Visit Guide to Alay Valley

Alay Valley (locals call it simply Alay) is a stunningly picturesque part of the Pamir-Alay, a tectonic depression located between the Alay and Zaalay ridges in southern Kyrgyzstan at an altitude of 2240-3536 m. The valley stretches from west to east for 150 km with a width of 8 up to 25 km.

Getting There

From the city of Osh Alay Valley can be reached by car, along the M41 highway, then turning west onto the A372 highway.

What to Expect

The Alpine Alai Valley is located in the very south of Kyrgyzstan, between the Alai and Chon-Alai ranges. Its 150 km long and 2-25 km wide with an average height of 3000 m. The central area of the valley is part of the Kyzyl-Suu river basin. The climate in the valley is dry and cold. Despite this, Alay is rich in its meadows, where tall, dense grass grows, so you can see a lot of grazing cattle here.

The world of wild animals is diverse: stone partridges, snowcocks, foxes, Alai red marmots, bears, mountain goats live here. Amu Darya trout are found in the river. The Chon-Alai ridge, enveloping the Alai valley in the south, rises 3000 m above the valley and draws before the traveler grandiose landscapes of majestic mountains and eternal glaciers.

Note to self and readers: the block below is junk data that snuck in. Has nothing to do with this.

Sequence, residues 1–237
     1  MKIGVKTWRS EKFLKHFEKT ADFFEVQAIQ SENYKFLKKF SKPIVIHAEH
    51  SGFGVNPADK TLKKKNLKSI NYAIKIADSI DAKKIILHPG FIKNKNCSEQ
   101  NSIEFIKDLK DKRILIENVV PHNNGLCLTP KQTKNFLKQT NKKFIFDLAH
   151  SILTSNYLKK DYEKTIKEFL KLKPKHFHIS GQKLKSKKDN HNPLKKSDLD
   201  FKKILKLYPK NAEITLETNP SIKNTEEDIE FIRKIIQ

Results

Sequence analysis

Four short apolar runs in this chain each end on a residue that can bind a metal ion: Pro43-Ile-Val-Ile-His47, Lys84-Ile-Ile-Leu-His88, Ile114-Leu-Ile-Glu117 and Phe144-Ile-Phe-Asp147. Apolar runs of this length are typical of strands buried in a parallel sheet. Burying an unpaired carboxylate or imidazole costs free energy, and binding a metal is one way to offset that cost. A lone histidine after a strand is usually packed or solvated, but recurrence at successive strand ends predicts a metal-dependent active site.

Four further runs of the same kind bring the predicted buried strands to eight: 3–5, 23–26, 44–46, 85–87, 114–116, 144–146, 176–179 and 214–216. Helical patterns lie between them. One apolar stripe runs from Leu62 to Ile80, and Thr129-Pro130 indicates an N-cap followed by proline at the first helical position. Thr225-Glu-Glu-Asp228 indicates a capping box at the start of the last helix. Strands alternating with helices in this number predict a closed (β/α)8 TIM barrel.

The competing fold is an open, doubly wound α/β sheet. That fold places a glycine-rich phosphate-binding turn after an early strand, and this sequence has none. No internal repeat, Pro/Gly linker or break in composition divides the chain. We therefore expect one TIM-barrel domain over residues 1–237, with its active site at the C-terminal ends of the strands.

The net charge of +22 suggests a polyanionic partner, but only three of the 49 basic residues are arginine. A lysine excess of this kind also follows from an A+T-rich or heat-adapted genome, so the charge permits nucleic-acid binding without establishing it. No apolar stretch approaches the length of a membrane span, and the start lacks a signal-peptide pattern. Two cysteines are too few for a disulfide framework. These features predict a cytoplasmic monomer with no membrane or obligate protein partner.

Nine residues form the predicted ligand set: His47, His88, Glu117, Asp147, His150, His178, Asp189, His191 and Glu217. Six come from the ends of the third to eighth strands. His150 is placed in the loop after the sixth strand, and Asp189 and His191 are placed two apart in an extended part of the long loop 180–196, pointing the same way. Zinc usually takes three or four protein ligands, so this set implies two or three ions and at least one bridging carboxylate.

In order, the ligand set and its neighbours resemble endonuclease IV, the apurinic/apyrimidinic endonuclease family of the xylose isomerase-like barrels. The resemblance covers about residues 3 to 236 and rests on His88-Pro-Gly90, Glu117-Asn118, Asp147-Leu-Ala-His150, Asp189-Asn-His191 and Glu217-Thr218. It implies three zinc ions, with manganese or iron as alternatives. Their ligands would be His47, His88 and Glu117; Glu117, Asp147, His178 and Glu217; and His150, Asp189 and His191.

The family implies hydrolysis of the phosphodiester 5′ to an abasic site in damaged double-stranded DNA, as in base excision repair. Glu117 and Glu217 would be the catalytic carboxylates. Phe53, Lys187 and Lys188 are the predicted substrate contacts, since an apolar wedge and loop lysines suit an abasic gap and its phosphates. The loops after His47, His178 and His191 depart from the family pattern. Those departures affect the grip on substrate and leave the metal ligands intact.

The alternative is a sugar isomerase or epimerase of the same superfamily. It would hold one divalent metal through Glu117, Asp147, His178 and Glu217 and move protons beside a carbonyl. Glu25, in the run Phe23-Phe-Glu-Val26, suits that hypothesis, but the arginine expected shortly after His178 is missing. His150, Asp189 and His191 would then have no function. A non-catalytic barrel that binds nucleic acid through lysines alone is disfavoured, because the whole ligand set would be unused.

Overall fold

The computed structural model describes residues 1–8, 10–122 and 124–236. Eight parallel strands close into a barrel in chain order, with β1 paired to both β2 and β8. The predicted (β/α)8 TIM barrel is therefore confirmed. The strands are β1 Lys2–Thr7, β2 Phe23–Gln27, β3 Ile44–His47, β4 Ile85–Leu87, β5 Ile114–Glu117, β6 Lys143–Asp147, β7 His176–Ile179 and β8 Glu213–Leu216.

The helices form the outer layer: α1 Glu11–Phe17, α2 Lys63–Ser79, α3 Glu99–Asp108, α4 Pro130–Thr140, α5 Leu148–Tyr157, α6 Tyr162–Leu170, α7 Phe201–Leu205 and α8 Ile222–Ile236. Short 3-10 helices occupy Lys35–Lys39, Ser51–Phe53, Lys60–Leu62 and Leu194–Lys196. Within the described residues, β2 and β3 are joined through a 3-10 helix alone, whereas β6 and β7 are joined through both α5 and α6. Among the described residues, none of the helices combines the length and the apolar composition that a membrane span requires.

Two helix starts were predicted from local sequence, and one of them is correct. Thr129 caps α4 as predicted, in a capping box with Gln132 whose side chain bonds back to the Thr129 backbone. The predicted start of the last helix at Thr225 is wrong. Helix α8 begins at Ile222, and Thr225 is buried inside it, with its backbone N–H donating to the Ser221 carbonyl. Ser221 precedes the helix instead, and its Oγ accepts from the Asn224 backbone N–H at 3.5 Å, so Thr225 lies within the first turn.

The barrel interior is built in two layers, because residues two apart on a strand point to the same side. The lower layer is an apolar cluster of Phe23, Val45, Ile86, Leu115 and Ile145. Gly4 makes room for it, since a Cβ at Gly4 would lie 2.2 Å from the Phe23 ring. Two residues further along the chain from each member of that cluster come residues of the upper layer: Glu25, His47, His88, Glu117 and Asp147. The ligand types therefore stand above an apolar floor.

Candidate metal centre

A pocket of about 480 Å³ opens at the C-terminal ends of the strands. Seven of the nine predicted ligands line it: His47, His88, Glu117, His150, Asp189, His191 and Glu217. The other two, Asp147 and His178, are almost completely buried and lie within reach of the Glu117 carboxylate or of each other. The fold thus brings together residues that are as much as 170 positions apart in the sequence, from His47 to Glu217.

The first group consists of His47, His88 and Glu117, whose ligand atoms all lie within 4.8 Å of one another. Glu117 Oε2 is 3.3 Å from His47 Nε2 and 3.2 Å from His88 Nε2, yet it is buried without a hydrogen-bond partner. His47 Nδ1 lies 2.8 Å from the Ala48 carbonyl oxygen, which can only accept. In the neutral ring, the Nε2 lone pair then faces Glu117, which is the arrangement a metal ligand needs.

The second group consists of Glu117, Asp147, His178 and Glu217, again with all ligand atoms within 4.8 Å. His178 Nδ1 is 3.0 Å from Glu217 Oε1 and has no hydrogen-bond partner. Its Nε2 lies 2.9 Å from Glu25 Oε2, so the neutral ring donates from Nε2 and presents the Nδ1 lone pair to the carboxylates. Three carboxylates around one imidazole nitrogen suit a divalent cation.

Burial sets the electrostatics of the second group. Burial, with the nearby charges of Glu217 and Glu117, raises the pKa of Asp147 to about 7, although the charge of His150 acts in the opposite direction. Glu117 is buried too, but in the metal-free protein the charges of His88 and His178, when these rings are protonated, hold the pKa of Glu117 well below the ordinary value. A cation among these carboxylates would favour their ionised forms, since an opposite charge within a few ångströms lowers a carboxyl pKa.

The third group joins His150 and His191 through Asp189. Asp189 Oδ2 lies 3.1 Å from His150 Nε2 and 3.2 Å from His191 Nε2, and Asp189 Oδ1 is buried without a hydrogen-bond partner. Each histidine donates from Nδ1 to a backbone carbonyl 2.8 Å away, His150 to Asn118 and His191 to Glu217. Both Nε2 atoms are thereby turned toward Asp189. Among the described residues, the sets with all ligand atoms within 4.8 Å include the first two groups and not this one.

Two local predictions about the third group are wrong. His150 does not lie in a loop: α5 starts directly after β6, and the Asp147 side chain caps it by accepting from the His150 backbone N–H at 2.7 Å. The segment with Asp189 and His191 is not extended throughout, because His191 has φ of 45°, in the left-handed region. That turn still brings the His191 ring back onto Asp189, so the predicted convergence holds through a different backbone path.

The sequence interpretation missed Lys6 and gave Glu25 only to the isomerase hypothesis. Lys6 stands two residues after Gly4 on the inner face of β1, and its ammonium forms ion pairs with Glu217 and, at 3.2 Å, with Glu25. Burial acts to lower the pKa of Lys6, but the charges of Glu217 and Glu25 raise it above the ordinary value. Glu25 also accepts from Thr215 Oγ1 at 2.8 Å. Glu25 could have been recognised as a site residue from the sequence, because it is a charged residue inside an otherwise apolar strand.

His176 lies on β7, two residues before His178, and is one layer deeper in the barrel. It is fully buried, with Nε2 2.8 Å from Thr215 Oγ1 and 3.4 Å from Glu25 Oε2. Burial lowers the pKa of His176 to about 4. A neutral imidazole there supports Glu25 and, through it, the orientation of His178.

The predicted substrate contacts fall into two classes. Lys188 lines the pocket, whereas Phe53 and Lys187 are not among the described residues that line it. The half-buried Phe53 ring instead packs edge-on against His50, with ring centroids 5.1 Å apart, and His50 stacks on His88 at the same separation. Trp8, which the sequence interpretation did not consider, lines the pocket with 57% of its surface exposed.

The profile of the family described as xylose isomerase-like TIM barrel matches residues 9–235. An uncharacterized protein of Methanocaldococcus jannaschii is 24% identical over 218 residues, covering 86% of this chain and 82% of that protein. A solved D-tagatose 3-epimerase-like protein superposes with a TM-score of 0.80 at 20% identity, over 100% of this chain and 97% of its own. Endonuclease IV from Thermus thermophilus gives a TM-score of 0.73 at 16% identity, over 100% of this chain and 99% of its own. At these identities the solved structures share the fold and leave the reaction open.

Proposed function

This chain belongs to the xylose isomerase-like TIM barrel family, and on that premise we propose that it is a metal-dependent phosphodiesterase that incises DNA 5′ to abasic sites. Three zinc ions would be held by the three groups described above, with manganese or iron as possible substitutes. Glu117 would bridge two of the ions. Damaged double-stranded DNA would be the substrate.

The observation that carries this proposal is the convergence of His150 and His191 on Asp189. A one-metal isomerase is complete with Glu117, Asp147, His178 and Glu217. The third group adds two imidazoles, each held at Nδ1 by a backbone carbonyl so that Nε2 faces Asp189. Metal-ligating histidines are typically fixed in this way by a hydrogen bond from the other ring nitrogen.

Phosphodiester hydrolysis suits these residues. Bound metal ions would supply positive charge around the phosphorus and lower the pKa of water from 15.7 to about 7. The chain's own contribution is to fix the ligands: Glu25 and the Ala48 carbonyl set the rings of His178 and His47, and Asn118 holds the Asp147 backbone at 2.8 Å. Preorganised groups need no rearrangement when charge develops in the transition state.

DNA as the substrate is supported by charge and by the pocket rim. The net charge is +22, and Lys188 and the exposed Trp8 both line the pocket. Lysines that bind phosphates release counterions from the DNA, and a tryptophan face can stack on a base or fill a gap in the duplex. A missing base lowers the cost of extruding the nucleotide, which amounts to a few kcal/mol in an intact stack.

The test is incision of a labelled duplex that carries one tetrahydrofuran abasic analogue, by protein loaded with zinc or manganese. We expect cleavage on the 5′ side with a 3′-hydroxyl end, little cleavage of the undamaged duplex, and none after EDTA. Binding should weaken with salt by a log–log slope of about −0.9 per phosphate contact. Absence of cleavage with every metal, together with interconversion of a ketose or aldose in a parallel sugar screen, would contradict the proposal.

The Alay Range is lower than the Zaalai Range, hides summer pastures (jailoo) in its gorges, while the ever-white peaks of the Zaalay Range are high, impregnable and incomprehensibly massive and airy at the same time as if they do not press the whole mass on the ground, but stretch towards the sky and sun.


The first researcher who described in 1871 the western part of the Alai Valley and the Zaalai Range was the famous Russian scientist and traveller A.P. Fedchenko. Then Alay remained poorly studied for a long time, since travellers only crossed the Alay valley, heading further to the peaks of the Zaalai Range.

In ancient times, the entire Alai Valley was covered from top to bottom with a gigantic glacier shell, the so-called “Foot Glacier”, traces of which can still be seen in the form of moraine deposits. The modern glaciation of the Zaalai Range impresses everyone who comes here!

Powerful glaciers completely cover the ridge with a continuous sparkling blanket, starting from a height of 4400 m and up to the very peaks, the highest of which is Lenin Peak (7134 m). In some of the gorges and glaciers of the Zaalai Range, no human has set foot to this day.

Today, the regime of the border zone operates in the Alai Valley, tourists and climbers need to obtain the necessary permits and passes in advance.

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